You should do this with your customers, but you also want to make sure you stay within the facets, rules, and efficiency of your business. What does that mean? You might have someone who really loves to talk on the phone, or maybe in person. However you might have some efficiency that you need within that.
Example: they like to talk on the phone and they want a quote for 100 t-shirts and 100 caps. However, you know not to just tell somebody a number on the phone and assume they understand. If that’s how they prefer to communicate though then you need to explain to them your rules and methods and merge. If you explain to people why they’ll understand. What we mean by this is, you’re on the phone with the customer, you say “100 shirts are going to cost you $X. 100 caps are going to be $X. The total is going to be $X. If you want me to deliver them by mail it’s going to be an extra $X. What I need to do next, just to make sure everything is perfect clear, is to email you a quote. I’d like you to review it, and then I can call you back on the phone, or you can respond directly to the email and say you agree to the terms. But either way I can call you back in a couple hours. Is that fine by you?”
This way you’re communicating to them “My style is writing things down and making it very clear, putting it all in an email. You’re style is talking on the phone, so I’m going to talk to you and then I’m going to ask you to come to my side as a compromise, and then we’ll come back and talk again.”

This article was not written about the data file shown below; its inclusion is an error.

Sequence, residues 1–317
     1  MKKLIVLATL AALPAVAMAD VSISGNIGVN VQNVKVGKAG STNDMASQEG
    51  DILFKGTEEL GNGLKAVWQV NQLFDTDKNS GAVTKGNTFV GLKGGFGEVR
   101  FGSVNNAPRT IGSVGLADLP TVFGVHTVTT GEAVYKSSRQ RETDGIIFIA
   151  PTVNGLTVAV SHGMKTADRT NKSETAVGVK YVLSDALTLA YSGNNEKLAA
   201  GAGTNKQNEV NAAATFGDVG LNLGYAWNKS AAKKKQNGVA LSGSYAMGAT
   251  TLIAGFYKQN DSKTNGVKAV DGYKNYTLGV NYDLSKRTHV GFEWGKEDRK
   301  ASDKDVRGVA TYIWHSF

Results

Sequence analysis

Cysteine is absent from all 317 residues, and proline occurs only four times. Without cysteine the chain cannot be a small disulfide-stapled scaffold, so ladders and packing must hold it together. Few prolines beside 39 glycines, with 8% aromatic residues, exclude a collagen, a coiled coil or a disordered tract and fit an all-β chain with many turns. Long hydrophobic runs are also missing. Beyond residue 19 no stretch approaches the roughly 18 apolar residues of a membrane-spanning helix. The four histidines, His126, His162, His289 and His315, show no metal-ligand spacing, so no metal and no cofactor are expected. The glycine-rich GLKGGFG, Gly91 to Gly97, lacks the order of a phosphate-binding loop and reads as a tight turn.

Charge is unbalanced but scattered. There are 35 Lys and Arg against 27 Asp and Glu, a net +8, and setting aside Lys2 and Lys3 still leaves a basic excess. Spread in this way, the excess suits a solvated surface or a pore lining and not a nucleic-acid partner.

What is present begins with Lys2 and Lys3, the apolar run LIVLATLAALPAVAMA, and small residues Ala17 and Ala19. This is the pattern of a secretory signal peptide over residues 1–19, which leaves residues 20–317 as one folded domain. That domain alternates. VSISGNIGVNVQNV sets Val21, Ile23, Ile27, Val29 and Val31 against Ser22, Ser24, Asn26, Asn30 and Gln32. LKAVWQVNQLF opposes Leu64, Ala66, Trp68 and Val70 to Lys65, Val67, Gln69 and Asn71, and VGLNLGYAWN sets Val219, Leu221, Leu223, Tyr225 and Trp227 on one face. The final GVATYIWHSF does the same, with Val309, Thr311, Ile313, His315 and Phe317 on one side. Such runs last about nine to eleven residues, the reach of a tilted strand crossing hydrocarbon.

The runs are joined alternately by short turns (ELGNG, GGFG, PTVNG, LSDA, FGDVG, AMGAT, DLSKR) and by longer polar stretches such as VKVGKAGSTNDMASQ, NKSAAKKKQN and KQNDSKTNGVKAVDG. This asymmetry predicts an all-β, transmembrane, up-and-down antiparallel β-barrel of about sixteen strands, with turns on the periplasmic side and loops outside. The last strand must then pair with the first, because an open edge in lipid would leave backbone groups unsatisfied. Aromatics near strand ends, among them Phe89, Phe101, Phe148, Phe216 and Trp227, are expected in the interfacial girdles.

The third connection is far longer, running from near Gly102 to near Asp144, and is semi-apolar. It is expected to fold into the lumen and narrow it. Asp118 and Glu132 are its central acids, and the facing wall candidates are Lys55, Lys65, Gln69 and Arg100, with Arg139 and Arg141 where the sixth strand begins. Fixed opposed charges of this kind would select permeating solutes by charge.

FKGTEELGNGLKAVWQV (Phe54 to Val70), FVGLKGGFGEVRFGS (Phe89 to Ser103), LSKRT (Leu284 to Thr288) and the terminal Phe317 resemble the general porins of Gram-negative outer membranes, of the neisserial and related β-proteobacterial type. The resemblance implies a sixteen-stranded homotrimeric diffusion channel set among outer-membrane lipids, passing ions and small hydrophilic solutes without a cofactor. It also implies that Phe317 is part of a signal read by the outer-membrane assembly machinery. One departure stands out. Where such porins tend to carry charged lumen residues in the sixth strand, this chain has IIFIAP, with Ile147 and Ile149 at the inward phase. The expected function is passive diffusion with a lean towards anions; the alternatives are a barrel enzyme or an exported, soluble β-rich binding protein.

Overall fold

You may even do this, if you get someone who likes to talk on the phone then you can send them the quote then get them on the phone, and say “Are you in front of your computer? I just sent you an email with the quote, I’d like to go over it with you to make sure that I was clear. This gives you the opportunity to go through the quote while you have them on the phone. You can then have them click on an accept button, or write “Accept” in a reply and send it back to you so you can get started.
That will turn into a great closing tool too.
One thing we run into here, that you might run into in your business as well, is people will say to us “why don’t you just send an email to everybody?” And we do, but that’s going to only hit about 30-40% of the people. Then we’ll send a second email. We could send an email 12 times and we’ll still have 15-30% of the people who still haven’t seen that communication. Sometimes we have to mail something, some times we have to pick up the phone and call people.